I like Mike Capuano a lot. But looking at the best chance to keep the seat, I don’t think he’s it. I like McGovern. Tsongas I like too but I’m not sure her resume’s deep enough. I sure as hell hope we don’t nominate someone like Murray or Bump. Nothing personal but Scott Brown would eviscerate either. Grossman I put only slightly higher.

          • Capuano's "lone statewide run" is more than Markey or McGovern

            have under their political belt and gives him a blueprint for the next statewide election (which would be the same special election primary situation in 2013 that it was in 2009).

            And without any polling to date that I have seen we have no way to gauage voter interest in another Coakley run for US Senate. Anf those communities you say have little interest in her voted to re-elect her as AG months after her mistake ridden final against Brown.

            I’m not defending Coakley’s 2010 special final camapign. I am defending Martah Coakley’s entire career which deserves more than attempst to define her by one loss (no matter how high profile). And her career in Massachusetts politics is far from finished.

            • I would venture a guess

              that her career as Democratic nominee for the United States Senate in a special election is finished. She may well be the next governor and I don’t have anything against her or her career. Except the way she bungled that race, which is a pretty big thing.

              Her 2010 AG race was not against particularly serious competition. This will be if Brown runs. Brown was a schmo until she put him on the map. But now he’s a recent U.S. Senator with a good amount of crossover appeal. If we have urban turnout resembling the November 2010 election, we probably lose. If we get better, we probably win.

              Re Capuano: I’ just don’t agree that having one Dem primary that he lost by 19 points gives him any meaningful advantage in terms of statewide election experience.

        • Capuano Statewide

          That point that Capuano has run statewide cannot be undersold. He has supporters out here in Western Mass like in and around Northampton and Neal backed him helping him in Springfield. Capuano could activate some supporters. His biggest obstacle out here would be if Ben Downing decides to run.

        • I have never missed voting, primary or general, since I turned voter age and I will never vote for Martha Coakley again. I did not vote for her this last time either. I know I am not alone.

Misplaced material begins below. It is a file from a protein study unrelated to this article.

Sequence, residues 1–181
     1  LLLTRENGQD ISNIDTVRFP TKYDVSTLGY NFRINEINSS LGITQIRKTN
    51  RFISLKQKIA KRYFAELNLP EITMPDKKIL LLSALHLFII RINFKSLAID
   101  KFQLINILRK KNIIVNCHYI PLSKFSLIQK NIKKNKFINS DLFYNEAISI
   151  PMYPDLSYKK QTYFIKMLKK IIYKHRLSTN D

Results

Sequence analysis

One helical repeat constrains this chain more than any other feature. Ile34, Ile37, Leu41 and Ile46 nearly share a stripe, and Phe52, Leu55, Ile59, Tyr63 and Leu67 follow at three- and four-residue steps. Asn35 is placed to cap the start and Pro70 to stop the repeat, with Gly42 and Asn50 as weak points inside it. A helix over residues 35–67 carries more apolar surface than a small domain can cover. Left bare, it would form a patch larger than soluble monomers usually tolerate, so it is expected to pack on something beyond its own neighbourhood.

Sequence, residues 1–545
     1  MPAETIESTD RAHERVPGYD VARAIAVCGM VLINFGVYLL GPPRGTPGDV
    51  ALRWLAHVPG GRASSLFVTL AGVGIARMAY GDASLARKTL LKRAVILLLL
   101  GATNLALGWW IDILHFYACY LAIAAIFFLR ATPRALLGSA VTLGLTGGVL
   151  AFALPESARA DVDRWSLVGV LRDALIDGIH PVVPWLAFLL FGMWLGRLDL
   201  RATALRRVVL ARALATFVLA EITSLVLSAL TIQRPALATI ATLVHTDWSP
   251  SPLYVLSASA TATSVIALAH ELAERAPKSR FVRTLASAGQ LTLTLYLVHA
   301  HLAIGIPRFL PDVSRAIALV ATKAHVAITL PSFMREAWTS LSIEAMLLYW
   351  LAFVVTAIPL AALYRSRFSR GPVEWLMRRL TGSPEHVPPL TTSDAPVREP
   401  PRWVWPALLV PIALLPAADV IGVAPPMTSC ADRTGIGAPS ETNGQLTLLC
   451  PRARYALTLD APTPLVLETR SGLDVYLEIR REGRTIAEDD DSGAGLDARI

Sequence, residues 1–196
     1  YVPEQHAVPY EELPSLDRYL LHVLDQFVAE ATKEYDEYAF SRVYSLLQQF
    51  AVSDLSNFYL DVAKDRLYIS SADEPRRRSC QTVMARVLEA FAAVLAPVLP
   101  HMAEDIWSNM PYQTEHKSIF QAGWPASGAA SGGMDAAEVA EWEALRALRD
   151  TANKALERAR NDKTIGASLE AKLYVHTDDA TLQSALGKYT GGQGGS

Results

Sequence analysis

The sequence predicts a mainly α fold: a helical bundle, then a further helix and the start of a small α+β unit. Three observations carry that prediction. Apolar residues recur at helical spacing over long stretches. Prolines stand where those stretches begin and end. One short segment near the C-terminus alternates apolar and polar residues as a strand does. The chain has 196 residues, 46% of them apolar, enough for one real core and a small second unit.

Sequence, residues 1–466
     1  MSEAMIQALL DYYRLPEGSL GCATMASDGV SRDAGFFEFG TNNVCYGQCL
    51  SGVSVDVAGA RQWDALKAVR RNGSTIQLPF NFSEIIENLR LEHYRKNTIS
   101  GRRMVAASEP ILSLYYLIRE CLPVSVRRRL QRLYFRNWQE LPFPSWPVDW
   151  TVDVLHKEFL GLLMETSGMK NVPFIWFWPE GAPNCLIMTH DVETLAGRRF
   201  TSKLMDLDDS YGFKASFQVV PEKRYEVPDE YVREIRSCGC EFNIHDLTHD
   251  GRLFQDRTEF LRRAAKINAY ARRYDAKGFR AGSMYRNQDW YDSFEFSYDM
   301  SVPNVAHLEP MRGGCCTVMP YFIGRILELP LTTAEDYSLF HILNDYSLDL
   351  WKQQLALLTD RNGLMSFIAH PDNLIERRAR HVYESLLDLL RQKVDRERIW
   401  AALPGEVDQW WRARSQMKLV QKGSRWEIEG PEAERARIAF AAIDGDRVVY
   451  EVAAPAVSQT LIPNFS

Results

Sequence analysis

14. McGovern not Markey is class of Congressional field

    Markey may be the Dean of the Delegation, but, Jim McGovern is the class of the group. Congressman McGovern is head and shoulders above the rest. he has political courage which is sadly lacking in most elected officials today who spend most of their time and effort trying to hang onto their own elected office. Capuano and Lynch are second to McGovern on the totem pole, they both work hard for their districts to deliver the goods. But, being a US Senator is more than delivering bacon, it’s broader than that…jmho

    • McGovern

      has good positions on most issues, but every time that the “Flag Amendment” came up for a vote he voted against the Bill of Rights.

      I do not support anyone who voted for the Flag Amendment. Preserving the Bill of Rights is a major issue for me.

  15. A note on primaries... and Ed Markey

    Massachusetts primaries are too close to the general election, and they don’t give the party most likely to have a contested primary an opportunity to regroup, refill the coffers, and mount an effective campaign.

    Just ask Governor Harshbarger and Governor O’Brien.

    The reason why the GOP was able to defeat our candidates after a contested primary was simple. They had all their horses and all their resources lined up for the day after the primary. While we were licking our wounds, and members of our party were deciding how much effort we want to put behind the candidate we didn’t support in the primary, the GOP was out there defining our candidate and gaining momentum. We can turn that around, but not in six weeks, which is why we should move our primary back into June.

    That said, the folks who are in here whining about Markey worry me. Scott Brown and Mitch McConnell are banking on folks like you. Ed Markey has been my congressman since the redistricting that moved Arlington into his district, and he has been responsive and progressive. I love McGovern and Capuano, but I also think Markey would be an excellent senator.

    Take sides in the primary – but keep a couple of bucks ready to donate to the winner on the day after the primary and be ready to back the winner with your heart and soul.

    • This all suggests

      that a primary would be very useful for figuring out who can campaign state-wide, but that there had better a whole lot of infrastructure in place for whoever wins the primary.

      Is there a way to get the state machinery cranked up in advance?

      • One silver lining - the recent Warren campaign

        The Warren Campaign collected a ton of data of likely (D) voters, and that data remains fresh. Our next senate nominee will doubtlessly get to take advantage of that, so they won’t have to do as much voter ID as last time.